Apple: best quarter ever $13 Bajillion


I don’t think the market would be hurt by a third big vendor (well, except for those of us who would like to develop for all mobile phones), and from all the accounts I’ve heard, Windows Phone (and Windows 8) seems like a pretty strong system. What have you got against them?

Granted, it will be tough for them to overcome the dominant two, but Android (and IOS) both have weaknesses, and Microsoft still possesses a unique market position that could allow them to exploit those.

The early projections I’ve seen suggest that Android took over 40% of the tablet market in Q4 2011 (not sure I believe it, but we’ll see the numbers soon, I expect). If that is not success, I don’t know what is. To put the actual growth of Android in perspective, consider that in April 2011, Gartner was predicting Android to have around 50% market share in smartphones by year end 2012. According to some analysts, they hit that mark in August/September last year.

Things are moving incredibly fast. We live in interesting times, as they say… has the world ever experienced such a dramatic shift in domestic technology in such a short time as what is occurring with our “smart” devices?


No. I mean that historically, they have blown Apple out of the water for marketshare, and that this quarter is an exception to that, but the question is whether it’s just a blip or represents anything for the future.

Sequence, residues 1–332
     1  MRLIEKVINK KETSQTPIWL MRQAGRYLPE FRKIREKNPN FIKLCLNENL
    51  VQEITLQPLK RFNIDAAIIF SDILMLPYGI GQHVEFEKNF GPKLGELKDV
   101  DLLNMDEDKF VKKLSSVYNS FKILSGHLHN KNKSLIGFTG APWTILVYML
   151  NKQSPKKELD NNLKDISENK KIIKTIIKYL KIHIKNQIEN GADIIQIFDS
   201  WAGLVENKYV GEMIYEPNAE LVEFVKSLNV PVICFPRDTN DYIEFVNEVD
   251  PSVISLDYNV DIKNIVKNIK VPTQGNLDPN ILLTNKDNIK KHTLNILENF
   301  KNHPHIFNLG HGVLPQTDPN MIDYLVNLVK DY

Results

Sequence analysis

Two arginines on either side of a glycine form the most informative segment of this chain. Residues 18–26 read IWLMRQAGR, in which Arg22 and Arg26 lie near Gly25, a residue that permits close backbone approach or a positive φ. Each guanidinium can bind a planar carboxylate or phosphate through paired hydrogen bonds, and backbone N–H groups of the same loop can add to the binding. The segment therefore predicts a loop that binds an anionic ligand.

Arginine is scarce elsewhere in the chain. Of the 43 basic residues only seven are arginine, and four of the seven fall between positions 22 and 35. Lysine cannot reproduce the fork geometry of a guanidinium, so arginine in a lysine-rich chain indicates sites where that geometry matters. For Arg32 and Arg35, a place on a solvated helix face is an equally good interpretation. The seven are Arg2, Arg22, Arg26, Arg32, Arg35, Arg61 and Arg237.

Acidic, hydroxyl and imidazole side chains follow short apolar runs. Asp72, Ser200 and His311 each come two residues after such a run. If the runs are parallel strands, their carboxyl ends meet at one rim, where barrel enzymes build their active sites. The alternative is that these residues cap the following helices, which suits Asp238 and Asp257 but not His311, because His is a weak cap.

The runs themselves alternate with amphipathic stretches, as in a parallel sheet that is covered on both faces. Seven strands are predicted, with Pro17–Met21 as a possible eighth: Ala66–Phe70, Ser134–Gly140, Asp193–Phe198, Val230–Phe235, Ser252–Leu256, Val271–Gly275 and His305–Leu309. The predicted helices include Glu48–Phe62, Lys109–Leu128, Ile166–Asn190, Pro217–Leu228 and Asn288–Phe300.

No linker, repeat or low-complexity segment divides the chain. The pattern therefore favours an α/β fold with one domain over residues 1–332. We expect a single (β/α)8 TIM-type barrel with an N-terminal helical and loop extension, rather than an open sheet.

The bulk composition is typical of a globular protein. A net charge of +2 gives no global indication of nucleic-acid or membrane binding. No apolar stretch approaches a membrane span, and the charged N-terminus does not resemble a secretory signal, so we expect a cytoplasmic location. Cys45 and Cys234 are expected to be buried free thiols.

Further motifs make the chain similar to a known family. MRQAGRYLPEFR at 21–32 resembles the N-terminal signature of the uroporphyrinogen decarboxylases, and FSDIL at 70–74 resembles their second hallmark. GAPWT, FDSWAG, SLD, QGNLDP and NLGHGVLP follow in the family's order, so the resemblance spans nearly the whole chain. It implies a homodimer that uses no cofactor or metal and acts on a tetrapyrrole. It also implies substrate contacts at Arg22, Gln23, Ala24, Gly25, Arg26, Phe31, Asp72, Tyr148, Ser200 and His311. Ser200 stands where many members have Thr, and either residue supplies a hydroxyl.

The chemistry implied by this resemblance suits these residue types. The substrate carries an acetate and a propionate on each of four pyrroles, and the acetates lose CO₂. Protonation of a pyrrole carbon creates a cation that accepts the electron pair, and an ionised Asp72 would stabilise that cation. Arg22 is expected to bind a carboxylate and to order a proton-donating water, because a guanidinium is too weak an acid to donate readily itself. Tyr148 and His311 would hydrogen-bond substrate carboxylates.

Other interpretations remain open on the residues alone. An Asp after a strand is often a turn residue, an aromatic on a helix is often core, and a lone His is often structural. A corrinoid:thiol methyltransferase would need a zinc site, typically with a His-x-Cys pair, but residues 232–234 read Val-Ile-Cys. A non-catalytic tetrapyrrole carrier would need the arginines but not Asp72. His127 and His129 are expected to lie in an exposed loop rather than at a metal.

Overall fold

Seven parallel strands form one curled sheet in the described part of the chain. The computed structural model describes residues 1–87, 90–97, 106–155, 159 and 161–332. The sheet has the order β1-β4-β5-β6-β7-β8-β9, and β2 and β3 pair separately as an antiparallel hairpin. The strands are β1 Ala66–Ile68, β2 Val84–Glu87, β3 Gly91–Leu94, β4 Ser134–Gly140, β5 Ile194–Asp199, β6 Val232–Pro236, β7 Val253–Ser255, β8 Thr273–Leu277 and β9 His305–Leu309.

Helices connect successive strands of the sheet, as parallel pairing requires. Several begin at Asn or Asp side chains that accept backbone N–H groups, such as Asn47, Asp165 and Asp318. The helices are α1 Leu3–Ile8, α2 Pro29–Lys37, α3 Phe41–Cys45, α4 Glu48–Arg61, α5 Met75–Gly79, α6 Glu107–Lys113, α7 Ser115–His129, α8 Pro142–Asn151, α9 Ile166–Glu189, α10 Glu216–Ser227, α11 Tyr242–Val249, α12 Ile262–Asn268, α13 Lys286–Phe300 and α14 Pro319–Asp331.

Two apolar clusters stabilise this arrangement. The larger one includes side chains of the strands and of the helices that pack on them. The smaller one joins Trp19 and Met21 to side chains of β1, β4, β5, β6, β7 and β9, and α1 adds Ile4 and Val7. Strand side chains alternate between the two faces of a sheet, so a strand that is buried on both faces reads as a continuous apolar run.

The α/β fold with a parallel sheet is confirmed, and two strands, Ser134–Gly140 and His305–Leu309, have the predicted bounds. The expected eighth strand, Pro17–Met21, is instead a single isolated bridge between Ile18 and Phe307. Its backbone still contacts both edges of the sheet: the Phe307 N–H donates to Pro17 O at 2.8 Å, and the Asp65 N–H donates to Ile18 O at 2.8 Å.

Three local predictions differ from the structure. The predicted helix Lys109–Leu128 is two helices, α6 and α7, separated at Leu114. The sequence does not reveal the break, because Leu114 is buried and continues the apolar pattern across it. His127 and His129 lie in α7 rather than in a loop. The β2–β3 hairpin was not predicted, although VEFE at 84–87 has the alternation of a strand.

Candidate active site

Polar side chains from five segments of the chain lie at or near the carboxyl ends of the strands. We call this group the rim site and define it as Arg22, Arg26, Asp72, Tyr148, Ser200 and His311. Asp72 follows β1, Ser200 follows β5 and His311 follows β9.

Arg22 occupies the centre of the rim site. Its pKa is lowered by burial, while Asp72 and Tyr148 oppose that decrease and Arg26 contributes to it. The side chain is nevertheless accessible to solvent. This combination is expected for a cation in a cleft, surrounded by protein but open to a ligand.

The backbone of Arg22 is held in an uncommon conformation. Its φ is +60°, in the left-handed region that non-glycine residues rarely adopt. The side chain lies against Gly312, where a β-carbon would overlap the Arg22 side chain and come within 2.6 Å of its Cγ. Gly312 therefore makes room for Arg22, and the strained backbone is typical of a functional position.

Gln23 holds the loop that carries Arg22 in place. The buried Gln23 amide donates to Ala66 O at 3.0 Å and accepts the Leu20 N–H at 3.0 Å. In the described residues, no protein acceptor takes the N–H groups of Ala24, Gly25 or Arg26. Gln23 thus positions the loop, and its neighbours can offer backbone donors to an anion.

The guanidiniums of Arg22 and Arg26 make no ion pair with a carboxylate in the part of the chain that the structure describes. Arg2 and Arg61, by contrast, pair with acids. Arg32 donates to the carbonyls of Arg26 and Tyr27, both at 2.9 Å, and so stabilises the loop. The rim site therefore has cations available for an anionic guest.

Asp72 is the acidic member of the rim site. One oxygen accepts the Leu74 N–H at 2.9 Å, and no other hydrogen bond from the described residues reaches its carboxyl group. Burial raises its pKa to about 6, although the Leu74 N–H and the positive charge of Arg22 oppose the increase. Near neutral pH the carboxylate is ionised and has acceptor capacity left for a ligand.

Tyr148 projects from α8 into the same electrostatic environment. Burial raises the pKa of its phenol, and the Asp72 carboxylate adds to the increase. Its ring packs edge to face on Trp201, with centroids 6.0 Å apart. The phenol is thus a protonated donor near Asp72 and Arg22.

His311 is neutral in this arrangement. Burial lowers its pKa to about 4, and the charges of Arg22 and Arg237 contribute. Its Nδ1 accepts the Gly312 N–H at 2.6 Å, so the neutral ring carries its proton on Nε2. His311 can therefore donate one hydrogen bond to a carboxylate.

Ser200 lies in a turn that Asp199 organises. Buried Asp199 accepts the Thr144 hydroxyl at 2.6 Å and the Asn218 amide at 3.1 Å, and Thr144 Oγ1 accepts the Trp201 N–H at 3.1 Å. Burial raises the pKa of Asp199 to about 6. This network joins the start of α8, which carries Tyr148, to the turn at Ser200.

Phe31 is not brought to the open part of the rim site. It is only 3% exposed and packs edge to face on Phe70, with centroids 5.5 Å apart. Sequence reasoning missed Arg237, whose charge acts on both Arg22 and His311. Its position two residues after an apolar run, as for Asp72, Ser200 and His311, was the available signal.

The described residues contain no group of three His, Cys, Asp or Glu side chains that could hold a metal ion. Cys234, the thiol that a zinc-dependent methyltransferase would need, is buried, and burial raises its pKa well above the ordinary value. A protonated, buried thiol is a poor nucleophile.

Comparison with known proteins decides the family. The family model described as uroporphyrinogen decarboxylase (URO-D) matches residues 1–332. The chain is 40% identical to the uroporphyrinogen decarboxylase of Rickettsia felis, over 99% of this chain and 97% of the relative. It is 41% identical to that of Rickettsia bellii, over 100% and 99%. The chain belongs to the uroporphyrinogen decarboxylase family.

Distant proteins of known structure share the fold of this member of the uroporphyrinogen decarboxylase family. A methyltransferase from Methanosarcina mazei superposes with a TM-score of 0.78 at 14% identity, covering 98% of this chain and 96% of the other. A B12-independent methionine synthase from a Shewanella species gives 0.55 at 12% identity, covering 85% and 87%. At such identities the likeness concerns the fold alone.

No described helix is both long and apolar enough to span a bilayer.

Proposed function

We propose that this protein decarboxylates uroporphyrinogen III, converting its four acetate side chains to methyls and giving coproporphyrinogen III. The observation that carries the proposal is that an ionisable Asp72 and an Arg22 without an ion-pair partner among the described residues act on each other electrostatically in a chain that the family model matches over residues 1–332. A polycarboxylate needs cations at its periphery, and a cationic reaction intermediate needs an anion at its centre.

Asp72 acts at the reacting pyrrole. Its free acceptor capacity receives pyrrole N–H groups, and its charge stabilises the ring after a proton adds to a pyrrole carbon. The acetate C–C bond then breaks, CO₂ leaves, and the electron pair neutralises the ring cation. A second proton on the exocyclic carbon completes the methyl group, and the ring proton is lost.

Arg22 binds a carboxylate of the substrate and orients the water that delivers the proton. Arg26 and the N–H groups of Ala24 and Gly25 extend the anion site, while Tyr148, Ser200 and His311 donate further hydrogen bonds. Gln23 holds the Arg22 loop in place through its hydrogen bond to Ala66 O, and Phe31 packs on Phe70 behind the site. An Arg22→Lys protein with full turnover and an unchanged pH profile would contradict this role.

This is absolutely valid going forward.

What will decide the ultimate fate of the mobile world is not how much money Apple can make. Certainly, as a holder of Apple stock, that profitability is awesome.

But in terms of which platform will dominate the next decade, marketshare is going to be the driving force. And, ultimately, that’s going to lead to long term profitability. I’m skeptical that Apple is going to be able to maintain their profitability without Jobs’ leadership. I get the feeling that they will continue to lose marketshare to Android, and become less important overall in the mobile market as time goes on.


If you haven’t already seen it NYTimes article “How the U.S. Lost Out on iPhone Work”


What will be really interesting is how they leverage those bajillion of dollars in cash that they are supposedly sitting on. They’ve already stated that they won’t be paying it out to shareholders, so the question is whether it results in new “world-changing” technologies (surely their R&D departments have some ideas for what comes after the iPad)… or just lining the pockets of patent litigation lawyers.